A strength of the current study was the availability of tumor characteristics, such as stage, receptors, and prognostic markers. The main limitation of the current study is that despite the use of prospectively collected data, it still is a retrospective observational study, and there is a risk of residual confounding by unmeasured or unknown covariates. For example, the absence of specific comorbidities, clinical provider information, postoperative management, or other intraoperative medication information in the registry is a significant limitation.

It should also be noted that the registry used for this study does not discriminate between volatiles. Sevoflurane dominates the Swedish market, but we cannot state the proportions between the three volatiles used (desflurane, isoflurane, and sevoflurane). This would be of interest if the three volatiles differ in the effects on the immune system, as suggested in a retrospective study of stage III ovarian cancer, in which patients exposed to sevoflurane had a higher rate of cancer recurrence compared with patients receiving desflurane.43  Finally, cancer biology may modulate the response to the anesthetics, so these findings cannot be generalized to other cancers.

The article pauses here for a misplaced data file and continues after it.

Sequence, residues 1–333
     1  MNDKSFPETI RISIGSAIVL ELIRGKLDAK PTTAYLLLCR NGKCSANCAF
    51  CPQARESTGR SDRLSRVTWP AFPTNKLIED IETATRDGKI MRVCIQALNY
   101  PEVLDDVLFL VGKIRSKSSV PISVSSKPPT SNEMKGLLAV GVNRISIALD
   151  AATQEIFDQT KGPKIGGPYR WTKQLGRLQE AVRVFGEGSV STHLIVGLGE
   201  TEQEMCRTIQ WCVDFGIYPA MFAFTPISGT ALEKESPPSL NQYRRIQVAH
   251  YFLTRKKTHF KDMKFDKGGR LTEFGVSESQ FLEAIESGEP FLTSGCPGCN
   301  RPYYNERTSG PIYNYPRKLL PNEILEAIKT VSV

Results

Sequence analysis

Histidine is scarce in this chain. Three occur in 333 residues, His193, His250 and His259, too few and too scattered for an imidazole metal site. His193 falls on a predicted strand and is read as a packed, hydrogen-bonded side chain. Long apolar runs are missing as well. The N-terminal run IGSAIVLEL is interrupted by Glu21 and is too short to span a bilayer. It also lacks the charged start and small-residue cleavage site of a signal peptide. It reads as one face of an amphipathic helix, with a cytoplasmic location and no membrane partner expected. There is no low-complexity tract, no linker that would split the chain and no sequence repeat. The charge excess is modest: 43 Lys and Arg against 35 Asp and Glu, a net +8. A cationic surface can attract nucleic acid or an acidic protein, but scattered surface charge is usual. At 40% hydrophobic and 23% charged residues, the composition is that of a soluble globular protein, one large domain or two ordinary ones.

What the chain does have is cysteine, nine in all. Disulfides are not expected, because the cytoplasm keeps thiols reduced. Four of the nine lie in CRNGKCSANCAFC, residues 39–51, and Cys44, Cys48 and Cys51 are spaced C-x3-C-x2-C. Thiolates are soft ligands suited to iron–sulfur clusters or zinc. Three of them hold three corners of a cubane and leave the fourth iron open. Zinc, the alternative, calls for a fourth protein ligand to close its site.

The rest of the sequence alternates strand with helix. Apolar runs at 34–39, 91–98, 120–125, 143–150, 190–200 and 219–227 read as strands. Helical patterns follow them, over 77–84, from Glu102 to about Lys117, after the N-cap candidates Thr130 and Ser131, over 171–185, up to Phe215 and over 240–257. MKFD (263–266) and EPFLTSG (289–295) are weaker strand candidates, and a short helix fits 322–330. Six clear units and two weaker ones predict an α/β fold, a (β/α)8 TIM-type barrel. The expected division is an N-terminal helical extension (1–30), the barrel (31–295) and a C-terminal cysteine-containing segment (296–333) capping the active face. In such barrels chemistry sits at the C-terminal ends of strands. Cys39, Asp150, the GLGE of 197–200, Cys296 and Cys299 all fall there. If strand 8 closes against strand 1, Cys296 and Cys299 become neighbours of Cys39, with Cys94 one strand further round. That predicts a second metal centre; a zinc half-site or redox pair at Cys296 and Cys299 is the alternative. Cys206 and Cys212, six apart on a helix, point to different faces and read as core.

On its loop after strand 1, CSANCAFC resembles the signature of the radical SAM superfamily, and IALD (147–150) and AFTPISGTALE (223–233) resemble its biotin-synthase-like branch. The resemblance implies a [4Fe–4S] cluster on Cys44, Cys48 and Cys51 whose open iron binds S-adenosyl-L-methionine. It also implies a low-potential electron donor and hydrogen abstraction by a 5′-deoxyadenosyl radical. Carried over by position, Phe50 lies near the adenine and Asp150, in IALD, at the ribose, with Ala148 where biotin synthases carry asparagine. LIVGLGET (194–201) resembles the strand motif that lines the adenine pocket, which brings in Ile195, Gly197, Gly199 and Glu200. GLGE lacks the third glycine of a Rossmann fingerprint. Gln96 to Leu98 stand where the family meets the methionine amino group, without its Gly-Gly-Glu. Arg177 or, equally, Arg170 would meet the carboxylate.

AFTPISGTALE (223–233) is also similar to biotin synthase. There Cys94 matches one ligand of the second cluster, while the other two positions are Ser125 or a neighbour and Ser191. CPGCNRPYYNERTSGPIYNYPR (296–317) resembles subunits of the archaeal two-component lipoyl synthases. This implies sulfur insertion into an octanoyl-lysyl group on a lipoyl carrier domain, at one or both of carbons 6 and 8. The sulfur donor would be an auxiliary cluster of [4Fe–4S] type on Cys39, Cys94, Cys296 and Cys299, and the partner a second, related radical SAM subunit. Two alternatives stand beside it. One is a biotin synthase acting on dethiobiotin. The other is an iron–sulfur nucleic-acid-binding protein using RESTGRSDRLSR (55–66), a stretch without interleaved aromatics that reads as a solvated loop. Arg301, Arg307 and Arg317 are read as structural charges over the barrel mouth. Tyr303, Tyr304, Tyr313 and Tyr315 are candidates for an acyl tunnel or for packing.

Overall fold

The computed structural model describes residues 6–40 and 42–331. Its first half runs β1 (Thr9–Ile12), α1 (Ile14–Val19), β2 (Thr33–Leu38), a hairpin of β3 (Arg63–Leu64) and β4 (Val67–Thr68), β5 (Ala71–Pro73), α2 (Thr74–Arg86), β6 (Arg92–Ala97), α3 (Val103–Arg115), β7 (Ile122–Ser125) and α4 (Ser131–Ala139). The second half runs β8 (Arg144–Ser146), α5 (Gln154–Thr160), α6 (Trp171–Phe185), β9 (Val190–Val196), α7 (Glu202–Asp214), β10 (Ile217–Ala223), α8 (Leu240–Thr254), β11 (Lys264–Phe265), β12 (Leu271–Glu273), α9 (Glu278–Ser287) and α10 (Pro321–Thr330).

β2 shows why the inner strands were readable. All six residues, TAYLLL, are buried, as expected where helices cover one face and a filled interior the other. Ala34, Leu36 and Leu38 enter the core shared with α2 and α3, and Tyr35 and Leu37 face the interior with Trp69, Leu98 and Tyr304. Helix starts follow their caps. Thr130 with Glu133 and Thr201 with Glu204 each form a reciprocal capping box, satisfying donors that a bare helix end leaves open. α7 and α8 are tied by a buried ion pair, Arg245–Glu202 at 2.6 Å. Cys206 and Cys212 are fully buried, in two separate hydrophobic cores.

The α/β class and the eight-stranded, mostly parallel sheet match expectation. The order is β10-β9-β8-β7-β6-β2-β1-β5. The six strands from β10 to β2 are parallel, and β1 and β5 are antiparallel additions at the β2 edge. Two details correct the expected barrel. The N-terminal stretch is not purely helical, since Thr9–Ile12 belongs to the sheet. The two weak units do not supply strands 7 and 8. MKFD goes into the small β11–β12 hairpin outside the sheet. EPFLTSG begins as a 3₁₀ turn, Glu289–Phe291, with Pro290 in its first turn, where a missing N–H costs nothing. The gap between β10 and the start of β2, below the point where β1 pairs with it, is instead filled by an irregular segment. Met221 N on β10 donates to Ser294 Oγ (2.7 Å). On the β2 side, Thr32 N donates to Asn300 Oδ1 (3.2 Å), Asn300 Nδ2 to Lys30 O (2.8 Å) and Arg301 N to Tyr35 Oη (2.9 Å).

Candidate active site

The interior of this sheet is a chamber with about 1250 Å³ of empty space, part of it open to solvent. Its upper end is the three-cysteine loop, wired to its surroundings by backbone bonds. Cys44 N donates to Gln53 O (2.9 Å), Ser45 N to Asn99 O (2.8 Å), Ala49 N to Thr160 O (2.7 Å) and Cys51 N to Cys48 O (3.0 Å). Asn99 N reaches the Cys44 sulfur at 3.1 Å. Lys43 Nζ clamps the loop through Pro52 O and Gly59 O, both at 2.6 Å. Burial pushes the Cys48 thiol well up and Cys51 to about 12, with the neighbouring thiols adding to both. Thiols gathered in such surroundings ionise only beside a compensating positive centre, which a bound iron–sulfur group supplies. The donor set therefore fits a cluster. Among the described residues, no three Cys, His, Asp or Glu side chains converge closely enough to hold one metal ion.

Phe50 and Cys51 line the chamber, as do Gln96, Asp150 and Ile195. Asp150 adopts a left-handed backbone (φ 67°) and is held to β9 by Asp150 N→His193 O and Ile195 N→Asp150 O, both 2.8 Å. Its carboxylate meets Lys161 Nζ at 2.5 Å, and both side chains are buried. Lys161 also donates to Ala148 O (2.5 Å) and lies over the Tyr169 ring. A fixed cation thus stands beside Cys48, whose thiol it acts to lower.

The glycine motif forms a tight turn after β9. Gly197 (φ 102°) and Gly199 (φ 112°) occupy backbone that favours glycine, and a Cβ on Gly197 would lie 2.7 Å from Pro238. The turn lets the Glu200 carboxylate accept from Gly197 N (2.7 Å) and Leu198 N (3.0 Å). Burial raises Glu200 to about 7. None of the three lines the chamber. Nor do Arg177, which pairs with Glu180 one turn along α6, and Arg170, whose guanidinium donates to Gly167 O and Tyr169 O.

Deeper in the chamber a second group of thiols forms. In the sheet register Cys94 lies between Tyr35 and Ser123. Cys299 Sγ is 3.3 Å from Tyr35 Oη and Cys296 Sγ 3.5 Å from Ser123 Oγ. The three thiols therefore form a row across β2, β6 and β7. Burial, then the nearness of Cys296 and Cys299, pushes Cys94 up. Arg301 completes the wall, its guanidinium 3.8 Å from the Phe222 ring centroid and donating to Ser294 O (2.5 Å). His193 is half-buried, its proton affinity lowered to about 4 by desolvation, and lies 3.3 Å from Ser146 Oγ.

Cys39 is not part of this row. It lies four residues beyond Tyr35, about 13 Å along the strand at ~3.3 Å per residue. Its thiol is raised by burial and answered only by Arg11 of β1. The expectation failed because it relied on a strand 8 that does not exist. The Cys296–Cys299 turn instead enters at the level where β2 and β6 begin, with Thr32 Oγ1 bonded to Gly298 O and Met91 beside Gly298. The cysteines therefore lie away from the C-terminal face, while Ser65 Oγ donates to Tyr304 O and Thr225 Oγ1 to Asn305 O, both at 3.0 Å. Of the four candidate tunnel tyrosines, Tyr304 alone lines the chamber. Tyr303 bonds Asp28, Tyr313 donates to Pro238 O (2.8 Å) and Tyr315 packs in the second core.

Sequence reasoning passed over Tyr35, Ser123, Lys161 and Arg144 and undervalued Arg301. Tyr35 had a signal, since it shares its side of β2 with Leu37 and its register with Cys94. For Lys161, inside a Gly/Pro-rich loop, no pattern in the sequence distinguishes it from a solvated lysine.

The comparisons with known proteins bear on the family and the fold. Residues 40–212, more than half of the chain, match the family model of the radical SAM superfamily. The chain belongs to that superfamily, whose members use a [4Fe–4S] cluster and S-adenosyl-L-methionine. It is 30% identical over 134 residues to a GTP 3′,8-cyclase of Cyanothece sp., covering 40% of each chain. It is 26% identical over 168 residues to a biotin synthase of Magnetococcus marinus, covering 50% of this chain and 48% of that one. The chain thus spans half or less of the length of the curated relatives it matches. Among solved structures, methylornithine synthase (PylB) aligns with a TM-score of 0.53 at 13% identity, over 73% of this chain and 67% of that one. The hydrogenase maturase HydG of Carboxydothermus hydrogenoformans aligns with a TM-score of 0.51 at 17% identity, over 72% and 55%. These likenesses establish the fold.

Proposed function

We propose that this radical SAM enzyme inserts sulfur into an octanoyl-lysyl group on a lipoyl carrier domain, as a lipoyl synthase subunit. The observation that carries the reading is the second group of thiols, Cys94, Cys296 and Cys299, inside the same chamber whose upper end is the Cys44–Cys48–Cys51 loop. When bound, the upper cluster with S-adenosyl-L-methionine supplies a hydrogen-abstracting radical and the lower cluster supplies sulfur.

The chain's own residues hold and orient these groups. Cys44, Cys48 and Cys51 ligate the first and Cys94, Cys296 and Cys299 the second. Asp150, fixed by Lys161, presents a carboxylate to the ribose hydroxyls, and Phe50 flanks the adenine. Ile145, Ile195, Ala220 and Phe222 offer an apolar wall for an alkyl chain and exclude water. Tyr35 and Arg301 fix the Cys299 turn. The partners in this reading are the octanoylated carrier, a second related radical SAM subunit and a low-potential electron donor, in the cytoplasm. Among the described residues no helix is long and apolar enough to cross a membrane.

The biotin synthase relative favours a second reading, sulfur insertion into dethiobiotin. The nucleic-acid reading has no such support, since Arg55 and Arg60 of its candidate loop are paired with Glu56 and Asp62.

Conclusions

This observational study did not show any difference in survival between breast cancer patients receiving propofol general anesthesia compared with those receiving inhaled volatile general anesthesia.

Acknowledgments

The data presented in this study were drawn from the Swedish PeriOperative Registry (Uppsala, Sweden) and the National Quality Registry for Breast Cancer (Stockholm, Sweden). The registries do not take responsibility for the methods, analysis, and results, and the views expressed in this study may not necessarily reflect those of the registries. The authors express their gratitude to the steering groups for the Swedish PeriOperative Registry and the National Quality Registry for Breast Cancer and to their administrators for their great support, for the data extraction procedures, and for data deliveries, especially Beata Pajak and Camilla Hartmann-Norman, Ph.D., at Uppsala Clinical Research Center (Uppsala, Sweden), administering the Swedish PeriOperative Registry; and John Lövrot, Ph.D., at the National Quality Registry for Breast Cancer.

Research Support

Support was provided solely from institutional and/or departmental sources.

Competing Interests

The authors declare no competing interests.

Information about Swedish Quality Registries, http://links.lww.com/ALN/C875 Supplemental Tables: Restricted Propensity Score Match, http://links.lww.com/ALN/C876 Overall Survival after a Full Propensity Score Match, http://links.lww.com/ALN/C877